Friday, December 18, 2015

Designs Nobody Needs

I'm still trying to get facile with designing things for my 3D printer. I had a brief flurry of activity when I attended a workshop (thank you Math for America and Dr. George Hart). At that time I was using Mathematica, and exporting 3D plots. But my license for Mathematica expired, and I can't afford to renew it.

So I've been playing with a free tool, TinkerCAD. They have a library of some basic shapes, and if you fiddle enough with the graphic interface, you can figure out how to edit the shapes. Having attended another workshop recently where we explored Soma cube puzzles, I decided to try to make a design to print a plastic set of Soma cubes.

It's not particularly hard. Cubes are in the basic library of shapes on TinkerCAD. The only thing that took a little while to figure out is how to move an element of my design in the z-axis, since three of the basic pieces are more than one cube unit high. I made my design in two drawings: one of the four single height pieces (big L, little L, T, and Zed); and another of the three double height pieces (right chiral, left chiral, and corner).

TinkerCAD can export to .stl format, which Makerbot Desktop can open and export to .x3g for my printer. I was so proud of myself, I was about to upload the designs to thingiverse. But before doing that, I did a search. Some 48 other Soma cube designs are already up there. Nobody needs mine. But I'm happy I made it. Some day I'll even try printing it and see if it really works.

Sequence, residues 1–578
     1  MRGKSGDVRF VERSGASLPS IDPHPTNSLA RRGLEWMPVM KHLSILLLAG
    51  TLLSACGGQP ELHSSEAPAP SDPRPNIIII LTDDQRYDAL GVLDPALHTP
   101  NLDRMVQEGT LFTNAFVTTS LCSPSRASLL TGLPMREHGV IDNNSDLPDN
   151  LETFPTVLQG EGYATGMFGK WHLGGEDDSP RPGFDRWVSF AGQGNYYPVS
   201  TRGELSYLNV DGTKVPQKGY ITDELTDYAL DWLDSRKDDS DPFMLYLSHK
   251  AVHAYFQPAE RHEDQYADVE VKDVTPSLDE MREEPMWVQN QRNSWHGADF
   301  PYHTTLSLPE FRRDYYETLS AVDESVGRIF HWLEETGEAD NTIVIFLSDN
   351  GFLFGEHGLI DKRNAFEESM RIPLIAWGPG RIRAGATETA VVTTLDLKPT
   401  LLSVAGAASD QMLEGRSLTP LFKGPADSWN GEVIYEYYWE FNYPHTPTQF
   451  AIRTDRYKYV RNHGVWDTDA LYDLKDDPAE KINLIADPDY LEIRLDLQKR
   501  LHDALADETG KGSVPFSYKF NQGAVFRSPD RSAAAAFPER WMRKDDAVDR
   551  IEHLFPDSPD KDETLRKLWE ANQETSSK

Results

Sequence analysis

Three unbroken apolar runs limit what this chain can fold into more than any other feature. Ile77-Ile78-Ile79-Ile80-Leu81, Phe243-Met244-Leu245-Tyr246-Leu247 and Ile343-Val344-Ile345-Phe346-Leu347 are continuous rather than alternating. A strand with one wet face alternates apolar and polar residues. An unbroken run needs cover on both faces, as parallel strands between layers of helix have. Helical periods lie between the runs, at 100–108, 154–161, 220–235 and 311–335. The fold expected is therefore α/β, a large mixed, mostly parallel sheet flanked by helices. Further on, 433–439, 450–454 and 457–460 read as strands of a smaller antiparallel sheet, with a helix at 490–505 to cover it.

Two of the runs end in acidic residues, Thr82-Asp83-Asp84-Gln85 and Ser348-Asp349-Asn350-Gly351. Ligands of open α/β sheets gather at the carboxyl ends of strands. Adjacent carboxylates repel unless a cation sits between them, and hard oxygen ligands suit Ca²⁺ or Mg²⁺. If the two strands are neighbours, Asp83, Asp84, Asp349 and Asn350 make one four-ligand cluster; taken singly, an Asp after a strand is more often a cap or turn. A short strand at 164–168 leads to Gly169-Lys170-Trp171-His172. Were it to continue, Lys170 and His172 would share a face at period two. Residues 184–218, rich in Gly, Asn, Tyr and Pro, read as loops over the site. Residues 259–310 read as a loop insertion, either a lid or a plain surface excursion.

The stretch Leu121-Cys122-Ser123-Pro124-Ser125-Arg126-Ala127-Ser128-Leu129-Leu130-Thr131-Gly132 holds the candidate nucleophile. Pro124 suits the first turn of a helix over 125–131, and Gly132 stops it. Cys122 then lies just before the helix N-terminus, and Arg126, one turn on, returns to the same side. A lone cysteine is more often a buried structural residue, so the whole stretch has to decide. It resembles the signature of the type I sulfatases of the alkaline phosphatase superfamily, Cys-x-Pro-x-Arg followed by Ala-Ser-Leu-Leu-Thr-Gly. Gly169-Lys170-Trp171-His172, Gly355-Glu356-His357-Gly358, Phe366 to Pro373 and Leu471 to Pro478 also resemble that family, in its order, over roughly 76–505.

*** edit 20 Dec 2015 ***
I tried printing, and it didn't work out so good. I think my printer (Makerbot Replicator 2) may be introducing some errors in the z-axis towards the edges of the printing space. The parts more towards the center were fine, but the one furthest out had a sort of curved upper face, where it should have been completely level.

So I tweaked my designs to put just one piece per design, total of seven drawings. I'll give these a try later on today.

*** edit 22 Dec 2015 ***
My "one design per print job" drawings are printing out just fine. But I think the real problem was that the blue tape on my build plate was not sticking securely, and that introduced some waves into the build.

*** edit 5 Jan 2016 ***
An acquaintance asked for the files, so I did upload to thingiverse. Also added pictures to this post.

Monday, December 14, 2015

Soma Puzzle

Episode Three of the George Hart workshop at Math for America.

Given a supply of wooden cubes, how many shapes can you make by combining cubes such that 1) you cannot use more than four cubes, 2) rectangular prisms are not allowed, and 3) faces of cubes must match completely (no halfway or other fractional meetings). Turns out there are exactly seven different shapes.

So, if you glue the wooden cubes together into these shapes, and count them up, you have used exactly 27 cubes. By coincidence, 3^3 is 27. Can you arrange these shapes into a cube?

Yes, you can. Apparently there was a product sold decades ago called a Soma cube. It makes an interesting exploration into 3D geometric transformations. You can make the same pieces from correctly dimensioned cardboard boxes.

But you aren't limited to just a cube shape. You can make a snake, or a doggy, a dinosaur, and other shapes. Providing hours of exploration, all for a few dollars in materials.

Wednesday, December 9, 2015

Paper Construction from George Hart

I've been participating in a series of workshops with George Hart, and saw the activity described here at one of the workshop sessions. I tried it yesterday in one of my less-structured classes.

Overview: Students piece together twenty slotted equilateral triangles cut from card stock to make a ball. Here's what the ball looks like: